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Detection of prions in the faeces of sheep naturally infected with classical scrapie


Classical scrapie is a naturally transmitted prion disease of sheep and goats. Contaminated environments may contribute to the spread of disease and evidence from animal models has implicated urine, blood, saliva, placenta and faeces as possible sources of the infection. Here we sought to determine whether sheep naturally infected with classical scrapie shed prions in their faeces. We used serial protein misfolding cyclic amplification (sPMCA) along with two extraction methods to examine faeces from sheep during both the clinical and preclinical phases of the disease and showed amplification of PrPSc in 7 of 15 and 14 of 14 sheep respectively. However PrPSc was not amplified from the faeces of 25 sheep not exposed to scrapie. These data represent the first demonstration of prion shedding in faeces from a naturally infected host and thus a likely source of prion contamination in the environment.


Prion diseases, or transmissible spongiform encephalopathies (TSEs), are fatal, neurological disorders that affect a range of mammalian species. They include scrapie in sheep, chronic wasting disease (CWD) in deer, bovine spongiform encephalopathy (BSE) in cattle and Creutzfeldt-Jakob disease (CJD) in humans. The "protein-only" hypothesis is the widely accepted paradigm for disease propagation and is based on the conversion of an apparently benign host prion protein (PrPC) into a pathological isoform, PrPSc, which constitutes the infectious agent [1]. To date PrPSc is the only validated biochemical marker for prion diseases. These disorders are characterised by prolonged incubation periods before the onset of clinical signs, and the accumulation of PrPSc particularly within the CNS. The sites of PrPSc accumulation vary depending on the combination of host and prion strain under investigation, for instance classical ovine scrapie, cervid CWD and human vCJD display widespread distribution of PrPSc within the CNS and lymphoreticular tissues (LRS) [24] whereas for cattle BSE, atypical scrapie and human CJD the accumulation of PrPSc within LRS is much more restricted [5, 6].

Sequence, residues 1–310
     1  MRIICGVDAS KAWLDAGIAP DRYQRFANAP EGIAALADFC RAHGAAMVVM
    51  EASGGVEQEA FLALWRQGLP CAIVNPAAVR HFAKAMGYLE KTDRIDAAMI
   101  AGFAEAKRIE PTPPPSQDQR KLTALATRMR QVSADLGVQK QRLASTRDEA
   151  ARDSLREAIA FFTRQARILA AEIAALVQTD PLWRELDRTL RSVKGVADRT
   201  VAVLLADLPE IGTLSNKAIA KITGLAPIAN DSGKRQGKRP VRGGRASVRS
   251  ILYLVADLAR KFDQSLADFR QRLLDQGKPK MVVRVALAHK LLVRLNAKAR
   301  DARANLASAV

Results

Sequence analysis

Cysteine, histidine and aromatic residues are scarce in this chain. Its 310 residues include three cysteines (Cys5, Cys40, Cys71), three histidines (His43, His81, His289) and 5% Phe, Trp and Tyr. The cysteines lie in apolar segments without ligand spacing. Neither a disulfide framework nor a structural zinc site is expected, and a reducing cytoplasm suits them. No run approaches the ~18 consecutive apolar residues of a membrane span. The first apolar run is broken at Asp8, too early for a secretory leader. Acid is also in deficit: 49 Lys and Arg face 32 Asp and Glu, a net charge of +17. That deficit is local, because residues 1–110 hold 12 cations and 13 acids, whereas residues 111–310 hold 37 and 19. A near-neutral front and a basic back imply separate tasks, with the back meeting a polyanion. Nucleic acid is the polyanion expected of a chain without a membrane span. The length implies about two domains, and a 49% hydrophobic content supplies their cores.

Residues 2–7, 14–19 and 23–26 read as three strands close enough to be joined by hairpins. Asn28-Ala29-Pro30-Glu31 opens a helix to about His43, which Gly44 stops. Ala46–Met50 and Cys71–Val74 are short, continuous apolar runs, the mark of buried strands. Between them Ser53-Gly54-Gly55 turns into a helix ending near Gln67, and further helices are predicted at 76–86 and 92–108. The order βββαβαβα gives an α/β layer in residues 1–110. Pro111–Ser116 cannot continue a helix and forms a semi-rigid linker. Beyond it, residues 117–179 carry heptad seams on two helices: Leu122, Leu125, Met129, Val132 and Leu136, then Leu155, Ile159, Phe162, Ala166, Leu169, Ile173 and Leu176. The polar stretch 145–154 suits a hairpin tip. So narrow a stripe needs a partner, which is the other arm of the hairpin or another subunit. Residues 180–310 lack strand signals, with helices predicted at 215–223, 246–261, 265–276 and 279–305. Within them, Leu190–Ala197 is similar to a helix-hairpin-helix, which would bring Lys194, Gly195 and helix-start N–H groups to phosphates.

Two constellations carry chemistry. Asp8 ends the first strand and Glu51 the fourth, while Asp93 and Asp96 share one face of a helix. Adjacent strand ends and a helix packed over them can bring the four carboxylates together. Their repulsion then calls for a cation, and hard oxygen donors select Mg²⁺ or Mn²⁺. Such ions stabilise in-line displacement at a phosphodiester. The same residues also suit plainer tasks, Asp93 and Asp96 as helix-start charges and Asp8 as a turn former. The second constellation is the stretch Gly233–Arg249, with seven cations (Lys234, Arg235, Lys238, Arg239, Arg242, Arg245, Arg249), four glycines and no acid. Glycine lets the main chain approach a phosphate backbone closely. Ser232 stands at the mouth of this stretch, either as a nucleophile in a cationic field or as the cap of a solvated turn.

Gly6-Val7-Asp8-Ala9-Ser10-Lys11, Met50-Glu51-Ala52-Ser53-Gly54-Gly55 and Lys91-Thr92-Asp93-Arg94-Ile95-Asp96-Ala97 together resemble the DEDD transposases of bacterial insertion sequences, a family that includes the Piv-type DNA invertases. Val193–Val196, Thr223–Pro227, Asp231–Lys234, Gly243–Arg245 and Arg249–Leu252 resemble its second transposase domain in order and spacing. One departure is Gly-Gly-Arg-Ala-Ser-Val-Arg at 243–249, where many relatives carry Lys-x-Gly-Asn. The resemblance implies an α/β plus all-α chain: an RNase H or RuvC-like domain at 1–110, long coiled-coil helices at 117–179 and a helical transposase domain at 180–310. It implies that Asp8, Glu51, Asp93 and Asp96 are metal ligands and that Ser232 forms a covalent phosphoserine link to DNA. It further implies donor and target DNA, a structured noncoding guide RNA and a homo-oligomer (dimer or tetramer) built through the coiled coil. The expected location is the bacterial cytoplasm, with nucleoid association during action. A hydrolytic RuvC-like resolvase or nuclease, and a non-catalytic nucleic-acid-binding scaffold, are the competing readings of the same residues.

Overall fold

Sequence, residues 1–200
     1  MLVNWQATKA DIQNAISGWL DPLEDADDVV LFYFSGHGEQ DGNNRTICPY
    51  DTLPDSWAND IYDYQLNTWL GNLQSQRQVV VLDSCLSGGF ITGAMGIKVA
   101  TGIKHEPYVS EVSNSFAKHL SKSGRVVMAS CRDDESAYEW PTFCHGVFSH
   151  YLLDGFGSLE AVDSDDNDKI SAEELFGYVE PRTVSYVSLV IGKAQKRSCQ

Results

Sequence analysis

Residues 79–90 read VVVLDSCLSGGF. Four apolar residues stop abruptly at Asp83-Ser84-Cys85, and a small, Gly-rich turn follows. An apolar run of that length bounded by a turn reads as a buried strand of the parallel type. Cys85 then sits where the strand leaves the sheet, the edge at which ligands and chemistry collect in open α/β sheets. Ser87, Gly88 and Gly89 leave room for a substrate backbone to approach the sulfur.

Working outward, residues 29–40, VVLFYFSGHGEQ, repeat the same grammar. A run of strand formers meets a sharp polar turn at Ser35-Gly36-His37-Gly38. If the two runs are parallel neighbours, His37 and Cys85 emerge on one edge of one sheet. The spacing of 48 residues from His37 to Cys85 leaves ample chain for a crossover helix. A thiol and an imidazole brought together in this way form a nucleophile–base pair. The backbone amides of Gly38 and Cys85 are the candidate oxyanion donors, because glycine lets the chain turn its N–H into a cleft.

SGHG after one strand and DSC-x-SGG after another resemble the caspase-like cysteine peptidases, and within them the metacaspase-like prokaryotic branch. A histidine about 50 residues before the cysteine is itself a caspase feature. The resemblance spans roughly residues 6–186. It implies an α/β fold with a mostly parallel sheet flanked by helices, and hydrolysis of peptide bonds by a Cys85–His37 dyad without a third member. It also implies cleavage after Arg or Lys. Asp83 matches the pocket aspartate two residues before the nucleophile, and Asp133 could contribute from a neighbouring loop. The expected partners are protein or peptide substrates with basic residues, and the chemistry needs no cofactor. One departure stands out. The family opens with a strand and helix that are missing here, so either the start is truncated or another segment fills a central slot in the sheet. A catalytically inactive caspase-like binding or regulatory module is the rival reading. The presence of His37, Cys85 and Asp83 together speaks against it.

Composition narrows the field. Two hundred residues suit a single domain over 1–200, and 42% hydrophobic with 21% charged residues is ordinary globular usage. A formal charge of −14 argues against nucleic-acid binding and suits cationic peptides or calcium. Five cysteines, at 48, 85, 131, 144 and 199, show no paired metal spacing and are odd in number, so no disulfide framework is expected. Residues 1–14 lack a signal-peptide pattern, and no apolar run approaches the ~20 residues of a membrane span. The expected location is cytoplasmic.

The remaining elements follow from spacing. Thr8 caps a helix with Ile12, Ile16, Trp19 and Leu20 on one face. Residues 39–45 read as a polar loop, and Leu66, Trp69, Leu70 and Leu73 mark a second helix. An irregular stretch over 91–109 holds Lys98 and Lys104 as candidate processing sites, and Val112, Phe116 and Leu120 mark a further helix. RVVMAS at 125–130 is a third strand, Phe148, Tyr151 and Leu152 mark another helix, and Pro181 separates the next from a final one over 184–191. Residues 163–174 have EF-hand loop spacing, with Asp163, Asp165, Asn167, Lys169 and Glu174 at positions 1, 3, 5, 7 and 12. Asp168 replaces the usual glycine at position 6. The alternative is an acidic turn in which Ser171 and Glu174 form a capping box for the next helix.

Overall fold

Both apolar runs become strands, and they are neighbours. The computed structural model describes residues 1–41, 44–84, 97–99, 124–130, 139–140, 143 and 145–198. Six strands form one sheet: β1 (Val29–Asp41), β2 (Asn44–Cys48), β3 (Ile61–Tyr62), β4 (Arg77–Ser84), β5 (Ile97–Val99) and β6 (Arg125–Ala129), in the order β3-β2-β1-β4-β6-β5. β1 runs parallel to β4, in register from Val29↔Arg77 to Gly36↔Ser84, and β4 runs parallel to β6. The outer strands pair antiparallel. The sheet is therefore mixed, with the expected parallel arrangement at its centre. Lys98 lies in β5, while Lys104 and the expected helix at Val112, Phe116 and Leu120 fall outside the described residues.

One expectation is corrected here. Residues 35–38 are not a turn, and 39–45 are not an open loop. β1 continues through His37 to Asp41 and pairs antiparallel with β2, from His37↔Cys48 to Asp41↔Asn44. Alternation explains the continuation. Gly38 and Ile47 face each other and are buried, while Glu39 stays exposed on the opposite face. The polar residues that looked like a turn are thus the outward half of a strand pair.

To date, studies investigating the shedding of the prion agent have focussed on scrapie and CWD. There is accumulating evidence for the excretion of prions within milk [7, 8], urine [9, 10], saliva [1012] and faeces [13]. Such reports utilise methodologies that are exquisitely sensitive in their detection of prion infectivity or PrPSc, namely bioassay or amplification of PrPSc by serial protein misfolding cyclic amplification (sPMCA). PMCA was pioneered by Soto et al. [14] in a rodent model of scrapie and this is an in vitro technique that amplifies trace amounts of PrPSc within a test sample during iterative rounds of sonication and incubation at 37°C. Importantly, this technique has been adapted for the high level amplification of PrPSc from natural sources of prion infection including ovine scrapie [15], bovine BSE [16], human CJD [17] and cervid CWD [18].

There is evidence from experimentally infected animals that prions are excreted in faeces. Safar et al. [13] used a rodent scrapie model to demonstrate the presence of prions in faeces when measured by conformation-dependent immunoassay (CDI) and transgenic mouse bioassay. Prions were present in faeces from hamsters throughout disease incubation. An analogous study in hamsters employed the sPMCA amplification of prions in faecal extracts and demonstrated the presence of prions during clinical disease [19]. In addition, experimentally infected mule deer excreted prion infectivity in faeces during preclinical and clinical stages of CWD [20].